Budgeting hate

Published June 11, 2021
The writer teaches at Quaid-i-Azam University, Islamabad.
The writer teaches at Quaid-i-Azam University, Islamabad.

WHEREVER one looks, the spectre of hate haunts humanity. The dastardly killing of a Muslim immigrant family in otherwise idyllic suburban Canada is the latest story to dominate the news cycle, preceded by so many we have since forgotten.

Lest we forget, the wanton violence of renegade white Islamophobes is paralleled by ‘banal’ reiterations of racism, classed and imperialist power at the highest levels of Western officialdom. The recent warnings issued by US Vice President Kamala Harris to immigrant workers seeking to make their way across the US-Mexico border sound an awful lot like what the previous administration in Washington used to spout.

Yes, this is the same Kamala Harris who, along with Joe Biden, was celebrated as salvation for humanity following their defeat of Trump. And yes, you should feel sheepish now if you were wildly optimistic about the ‘new’ leaders of post-Trump America.

Long before Trump, George W. Bush’s neocons initiated what they called a ‘New American Century’ by occupying Afghanistan. Another history lesson is in order here: does anyone remember the liberal fantasies that were triggered by the US invasion about the Afghan Taliban being obliterated? Twenty years of the ‘war on terror’ later, those fantasies have evaporated, leaving behind an orgy of hateful violence in Afghanistan. As so many sane voices have been warning to no avail, this hateful violence is slowly spilling over into our own tribal districts too.

The politics of hate thrives because of economic crises.

It is, of course, easy to blame only American Empire, Zionists and various other ‘foreign hands’ for all of the world’s troubles. Pakistan has enough home-grown hate to compete with the best of them. The various hues of Taliban are always near the top of the list. The TLP has emerged in recent years as the newest kid on the block, and can even run Twitter trends to match. More generally, not a day goes by when Ahmadi places of worship, Christian churches and Hindu temples are attacked, even as members of these communities are falsely framed for blasphemy, forcibly converted, or simply lynched.

All of these manifestations of organised hate, home and abroad, cannot be explained by some overarching theory of intrinsic cultural propensity. What some commentators call ‘culture wars’ have, since the turn of the millennium at least, been propped up by the ‘war on terror’. Put simply, Western governments have given a fillip to Islamophobia and other forms of racism in their own countries by raising the bogeyman of ‘terrorism’ in faraway, often Muslim lands. Meanwhile, the religious right in many Muslim countries, including ours, has in turn indoctrinated young people into thinking that all of ‘America’s wars’ are targeting ‘Islam’, as if the latter is a monolith.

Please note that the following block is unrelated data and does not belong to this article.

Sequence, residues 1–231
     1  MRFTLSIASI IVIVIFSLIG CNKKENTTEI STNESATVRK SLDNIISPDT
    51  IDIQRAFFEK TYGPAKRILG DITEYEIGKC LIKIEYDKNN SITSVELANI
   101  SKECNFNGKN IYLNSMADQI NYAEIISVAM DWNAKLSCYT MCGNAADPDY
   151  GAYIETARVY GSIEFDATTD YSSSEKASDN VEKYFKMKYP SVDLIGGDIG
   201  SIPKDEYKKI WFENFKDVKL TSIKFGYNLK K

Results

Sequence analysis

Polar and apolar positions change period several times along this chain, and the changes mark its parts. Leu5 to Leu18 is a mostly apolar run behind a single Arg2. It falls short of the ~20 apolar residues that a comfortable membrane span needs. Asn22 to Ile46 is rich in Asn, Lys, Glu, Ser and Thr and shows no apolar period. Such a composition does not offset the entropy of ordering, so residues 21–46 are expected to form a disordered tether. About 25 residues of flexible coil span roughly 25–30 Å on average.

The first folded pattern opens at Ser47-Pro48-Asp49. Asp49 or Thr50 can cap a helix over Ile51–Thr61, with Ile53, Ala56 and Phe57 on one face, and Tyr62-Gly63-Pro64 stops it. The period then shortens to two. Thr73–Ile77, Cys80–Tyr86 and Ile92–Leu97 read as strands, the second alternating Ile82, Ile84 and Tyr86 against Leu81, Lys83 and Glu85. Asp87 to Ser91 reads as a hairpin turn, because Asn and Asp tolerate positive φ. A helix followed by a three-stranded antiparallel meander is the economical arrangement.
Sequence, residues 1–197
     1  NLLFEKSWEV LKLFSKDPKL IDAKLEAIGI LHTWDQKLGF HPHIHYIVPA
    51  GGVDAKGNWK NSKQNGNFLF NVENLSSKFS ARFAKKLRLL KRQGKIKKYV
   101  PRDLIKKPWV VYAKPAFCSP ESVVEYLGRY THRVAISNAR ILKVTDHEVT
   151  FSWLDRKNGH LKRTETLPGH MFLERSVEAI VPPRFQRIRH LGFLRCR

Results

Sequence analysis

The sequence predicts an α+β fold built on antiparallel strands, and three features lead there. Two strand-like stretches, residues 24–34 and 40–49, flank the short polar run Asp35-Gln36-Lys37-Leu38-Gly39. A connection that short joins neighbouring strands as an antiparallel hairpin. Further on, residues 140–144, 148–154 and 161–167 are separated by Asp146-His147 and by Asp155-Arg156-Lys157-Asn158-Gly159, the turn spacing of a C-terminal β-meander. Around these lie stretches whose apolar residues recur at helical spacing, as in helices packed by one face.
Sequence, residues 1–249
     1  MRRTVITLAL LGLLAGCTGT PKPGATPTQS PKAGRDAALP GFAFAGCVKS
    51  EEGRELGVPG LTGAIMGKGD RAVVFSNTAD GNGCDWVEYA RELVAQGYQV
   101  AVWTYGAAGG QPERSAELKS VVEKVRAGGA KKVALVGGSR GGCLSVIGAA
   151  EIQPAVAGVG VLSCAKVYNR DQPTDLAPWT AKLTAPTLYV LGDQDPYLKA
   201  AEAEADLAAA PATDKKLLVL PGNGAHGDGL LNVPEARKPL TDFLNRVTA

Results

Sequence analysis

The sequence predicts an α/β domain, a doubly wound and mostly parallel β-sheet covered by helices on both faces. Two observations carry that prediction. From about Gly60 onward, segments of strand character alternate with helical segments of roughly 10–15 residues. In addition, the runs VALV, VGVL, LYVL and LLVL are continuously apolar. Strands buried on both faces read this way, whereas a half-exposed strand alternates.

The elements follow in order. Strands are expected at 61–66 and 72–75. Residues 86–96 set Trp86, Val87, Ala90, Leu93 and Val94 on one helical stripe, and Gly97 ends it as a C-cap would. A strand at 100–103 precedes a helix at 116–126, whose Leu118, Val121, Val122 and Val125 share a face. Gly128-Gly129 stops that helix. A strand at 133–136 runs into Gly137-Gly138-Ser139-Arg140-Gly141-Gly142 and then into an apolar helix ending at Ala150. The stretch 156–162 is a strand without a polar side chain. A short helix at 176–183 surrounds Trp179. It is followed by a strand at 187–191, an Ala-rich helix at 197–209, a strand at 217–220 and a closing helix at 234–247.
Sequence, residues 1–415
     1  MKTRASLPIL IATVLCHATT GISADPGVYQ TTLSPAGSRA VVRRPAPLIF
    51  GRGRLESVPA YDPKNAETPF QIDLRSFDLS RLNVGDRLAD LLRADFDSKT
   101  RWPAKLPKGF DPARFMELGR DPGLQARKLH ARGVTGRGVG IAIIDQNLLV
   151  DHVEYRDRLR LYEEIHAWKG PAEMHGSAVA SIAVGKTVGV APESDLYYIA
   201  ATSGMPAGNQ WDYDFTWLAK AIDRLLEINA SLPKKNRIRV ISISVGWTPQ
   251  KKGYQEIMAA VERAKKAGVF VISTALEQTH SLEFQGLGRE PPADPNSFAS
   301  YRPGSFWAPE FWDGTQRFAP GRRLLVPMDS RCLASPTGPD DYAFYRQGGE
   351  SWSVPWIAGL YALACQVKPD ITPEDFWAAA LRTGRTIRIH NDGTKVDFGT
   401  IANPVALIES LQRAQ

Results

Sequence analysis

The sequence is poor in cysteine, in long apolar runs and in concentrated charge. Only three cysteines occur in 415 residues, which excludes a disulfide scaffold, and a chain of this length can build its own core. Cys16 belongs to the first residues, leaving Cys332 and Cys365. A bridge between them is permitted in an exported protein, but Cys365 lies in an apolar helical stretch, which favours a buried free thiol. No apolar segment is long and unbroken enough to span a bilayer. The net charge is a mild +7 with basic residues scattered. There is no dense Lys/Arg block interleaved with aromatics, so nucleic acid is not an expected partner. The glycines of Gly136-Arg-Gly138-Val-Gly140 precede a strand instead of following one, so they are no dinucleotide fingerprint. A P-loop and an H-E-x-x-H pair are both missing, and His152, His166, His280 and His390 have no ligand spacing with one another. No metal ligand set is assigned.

Western leaders talk of ‘multiculturalism’ in their own societies — and this list includes Macron, Trudeau, Biden-Harris, and even the much-lauded Jacinda Ardern — but they refuse to acknowledge the structural racism within, and imperialist policies without, that reproduce hate. Meanwhile, leaders like Imran Khan, Tayyip Erdogan and Narendra Modi have built their entire political careers by playing to hawkish domestic galleries. Now wanting to stay in power, their rhetoric has ramped up further.

SMOKERS’ CORNER: ISLAMOPHOBIA AND SECULARISM

Across the world, in fact, the politics of hate thrives because of economic crises endemic to capitalism. Immigrant workers that come into Western countries legally or otherwise are now perceived as taking ‘white people’s’ jobs. When the regime of neoliberal globalisation was thriving, Western governments themselves outsourced jobs and welcomed cheaper labour to keep manufacturing and service industries profitable. With the neoliberal miracle having imploded, compounded by the fallout of Covid-19, xenophobic nationalism covers up failed economic policy.

In our part of the world, as well as other so-called ‘emerging markets’ with youthful populations, the pandemic has put paid to the notion of anyone who works hard enough pushing their way into a mythical ‘global middle class’. In India alone, an estimated 230 million people have been relegated back below the poverty line, their tenuous ‘middle-class’ status in tatters.

There is more to the politics of hate than economic hardship, but combining the latter with toxic ideology certainly produces a potent cocktail. Which brings me, in closing, to the presentation of the federal budget today. This policymaking exercise used to be perceived as somewhat relevant to the working masses. Is there anything beyond number-fudging, the dictates of the IMF and other creditors, and the ever greater economic desires of a militarised state apparatus, propertied mafias, and the chattering classes that this exercise now represents?

The classed, racialised and imperialised local and global political economy leave only the budgeting of hate for the proverbial masses. And then our rulers tell us to eat cake.

The writer teaches at Quaid-i-Azam University, Islamabad.

Published in Dawn, June 11th, 2021

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